From: Philippe Verdy (email@example.com)
Date: Tue Oct 12 2004 - 19:22:53 CST
From: "Philipp Reichmuth" <firstname.lastname@example.org>
> Don't you think you are stretching things a bit? This is an UTF-8 parser
> stress test file. If an application opens it in a different encoding,
> well, of course the results will be different, and things will not look
> UTF-8-ish. Again, this is a non-issue. It's like distributing a Linux
> binary for testing something and then getting complaints that it doesn't
> work under DOS and that it shouldn't make assumptions on operating
That's not the good point I wanted to focus. Things CANNOT look "UTF-8-ish"
in a UTF-8 conforming editor or browser that will correctly detect all
encoding errors in that file, and thus will never properly present the text
properly aligned. What a conforming editor or browser *may* eventually do is
to recover and mandatorily signal to the user the positions of errors
(possibly by using a replacement glyph as if each error was coding a U+FFFD
substitute), but how many errors will you signal given that the error
recovery level is not defined in the Unicode/ISO/IEC UTF-8 standard?
Even in the old ISO/IEC10646 standard, recovery is only possible after
errors only if uninterpretable byte sequences were still properly parsed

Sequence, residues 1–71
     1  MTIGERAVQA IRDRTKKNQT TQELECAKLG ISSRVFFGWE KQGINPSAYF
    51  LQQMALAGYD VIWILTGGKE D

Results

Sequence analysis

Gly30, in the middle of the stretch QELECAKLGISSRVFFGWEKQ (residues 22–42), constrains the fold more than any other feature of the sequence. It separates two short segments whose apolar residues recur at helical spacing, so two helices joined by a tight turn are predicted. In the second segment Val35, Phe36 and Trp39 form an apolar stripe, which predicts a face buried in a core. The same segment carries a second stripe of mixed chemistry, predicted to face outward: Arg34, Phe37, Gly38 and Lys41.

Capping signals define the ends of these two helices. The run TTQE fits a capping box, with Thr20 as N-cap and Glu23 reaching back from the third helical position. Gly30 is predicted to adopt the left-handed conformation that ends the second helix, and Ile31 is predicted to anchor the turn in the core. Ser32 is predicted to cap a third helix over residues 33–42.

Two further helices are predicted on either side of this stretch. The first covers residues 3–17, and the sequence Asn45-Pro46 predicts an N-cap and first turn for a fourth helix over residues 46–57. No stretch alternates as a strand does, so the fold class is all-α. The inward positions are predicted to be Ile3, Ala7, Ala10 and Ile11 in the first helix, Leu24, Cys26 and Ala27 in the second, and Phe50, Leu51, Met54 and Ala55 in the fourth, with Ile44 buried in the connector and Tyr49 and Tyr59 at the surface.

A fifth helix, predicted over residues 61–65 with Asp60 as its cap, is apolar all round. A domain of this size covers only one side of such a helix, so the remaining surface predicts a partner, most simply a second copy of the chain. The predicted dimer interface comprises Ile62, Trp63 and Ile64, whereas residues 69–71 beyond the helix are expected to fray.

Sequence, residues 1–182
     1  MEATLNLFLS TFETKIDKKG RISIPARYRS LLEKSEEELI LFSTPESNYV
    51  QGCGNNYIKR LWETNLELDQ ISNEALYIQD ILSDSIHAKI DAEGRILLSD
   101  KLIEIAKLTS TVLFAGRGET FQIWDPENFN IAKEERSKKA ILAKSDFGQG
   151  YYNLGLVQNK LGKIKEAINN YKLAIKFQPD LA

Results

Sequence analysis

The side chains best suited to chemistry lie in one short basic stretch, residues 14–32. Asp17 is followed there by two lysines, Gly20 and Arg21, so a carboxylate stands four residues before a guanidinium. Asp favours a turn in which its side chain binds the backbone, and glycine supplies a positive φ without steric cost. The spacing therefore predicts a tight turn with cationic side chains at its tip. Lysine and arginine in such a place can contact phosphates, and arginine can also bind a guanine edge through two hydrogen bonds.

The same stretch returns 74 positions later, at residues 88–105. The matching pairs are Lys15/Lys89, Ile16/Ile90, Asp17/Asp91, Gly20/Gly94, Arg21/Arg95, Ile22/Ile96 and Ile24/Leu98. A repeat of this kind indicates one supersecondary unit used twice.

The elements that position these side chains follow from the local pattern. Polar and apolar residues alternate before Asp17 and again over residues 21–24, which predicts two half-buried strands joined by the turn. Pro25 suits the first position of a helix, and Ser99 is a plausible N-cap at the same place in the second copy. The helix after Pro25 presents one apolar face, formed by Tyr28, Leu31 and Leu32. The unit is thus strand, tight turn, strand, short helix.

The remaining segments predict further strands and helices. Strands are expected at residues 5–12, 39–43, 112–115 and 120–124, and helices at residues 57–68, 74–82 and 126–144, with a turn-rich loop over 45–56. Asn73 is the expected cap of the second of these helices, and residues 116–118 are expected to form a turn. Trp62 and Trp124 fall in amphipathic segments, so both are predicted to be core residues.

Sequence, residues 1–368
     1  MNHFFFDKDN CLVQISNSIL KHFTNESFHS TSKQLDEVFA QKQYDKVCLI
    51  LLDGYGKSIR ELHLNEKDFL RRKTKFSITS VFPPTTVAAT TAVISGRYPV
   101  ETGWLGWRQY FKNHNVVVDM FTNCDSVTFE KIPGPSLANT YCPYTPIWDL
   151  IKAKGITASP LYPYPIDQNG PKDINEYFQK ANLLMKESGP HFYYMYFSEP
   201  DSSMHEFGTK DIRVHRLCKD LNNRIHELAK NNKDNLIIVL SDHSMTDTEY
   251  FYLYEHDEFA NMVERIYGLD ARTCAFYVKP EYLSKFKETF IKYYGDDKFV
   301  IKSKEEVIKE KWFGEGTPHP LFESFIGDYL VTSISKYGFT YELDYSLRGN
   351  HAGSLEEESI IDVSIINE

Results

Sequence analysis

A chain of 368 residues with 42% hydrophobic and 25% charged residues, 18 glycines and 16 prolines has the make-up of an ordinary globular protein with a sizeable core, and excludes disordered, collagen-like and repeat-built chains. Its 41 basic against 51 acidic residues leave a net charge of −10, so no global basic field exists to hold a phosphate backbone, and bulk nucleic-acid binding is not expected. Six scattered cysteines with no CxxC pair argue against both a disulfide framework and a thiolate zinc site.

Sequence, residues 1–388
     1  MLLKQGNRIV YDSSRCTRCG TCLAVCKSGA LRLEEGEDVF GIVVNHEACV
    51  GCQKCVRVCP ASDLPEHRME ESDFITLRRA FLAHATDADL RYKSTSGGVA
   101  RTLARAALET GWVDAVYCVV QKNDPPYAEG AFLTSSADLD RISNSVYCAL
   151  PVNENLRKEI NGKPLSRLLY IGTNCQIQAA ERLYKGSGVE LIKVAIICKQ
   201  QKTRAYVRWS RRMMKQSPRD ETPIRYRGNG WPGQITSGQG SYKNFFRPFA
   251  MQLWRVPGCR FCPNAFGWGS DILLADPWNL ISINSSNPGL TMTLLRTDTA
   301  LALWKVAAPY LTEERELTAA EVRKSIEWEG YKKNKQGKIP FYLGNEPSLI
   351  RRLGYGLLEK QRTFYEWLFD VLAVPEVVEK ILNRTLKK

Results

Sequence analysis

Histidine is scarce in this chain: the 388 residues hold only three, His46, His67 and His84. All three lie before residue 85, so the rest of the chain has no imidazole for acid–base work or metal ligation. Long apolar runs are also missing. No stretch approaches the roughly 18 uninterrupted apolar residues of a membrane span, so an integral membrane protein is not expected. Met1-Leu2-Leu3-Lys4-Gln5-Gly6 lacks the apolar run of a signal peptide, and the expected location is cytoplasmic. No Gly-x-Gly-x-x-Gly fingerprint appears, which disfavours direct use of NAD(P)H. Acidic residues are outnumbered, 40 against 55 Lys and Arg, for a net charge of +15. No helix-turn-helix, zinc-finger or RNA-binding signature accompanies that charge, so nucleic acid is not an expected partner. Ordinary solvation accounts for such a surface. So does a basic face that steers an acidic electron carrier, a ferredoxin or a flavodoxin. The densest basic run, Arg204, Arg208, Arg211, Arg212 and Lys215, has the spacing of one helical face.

into sub-sequences (of unspecified length) where a substiture could be used.
The problem is in the length of each invalid byte sequence; for example, if
there's a 4-bytes old UTF-8 encoding sequence (or longer) the error will be
detected at the first byte, recovery will take place at the second byte
after the first byte as been interpreted as a invalid sequence represented
by a substitute glyph, but then each of the immediately following trailing
byte will signal an error.
Suppose that the parser recovers until it can find a new starter byte, it
will still need to parse this byte to see if its a leading byte for a longer
sequence, so the recovery is not necessarily immediately possible after the
first invalid byte, or after the supposed end of the byte sequence. Now if
the parser will reover by skipping all bytes until a valid sequence is
found, there will be only 1 encoding error thrown on the leading byte, and
only 1 substitution glyph.
We are navigating within unspecified areas where error recovery after
decoding errors is not defined in the current UTF-8 standard itself (not
even in the old RFC version with ISO/IEC 10646-1:2000)
And as I said, the document itself is not complete enough, because it
forgets other invalid sequences for non-characters.
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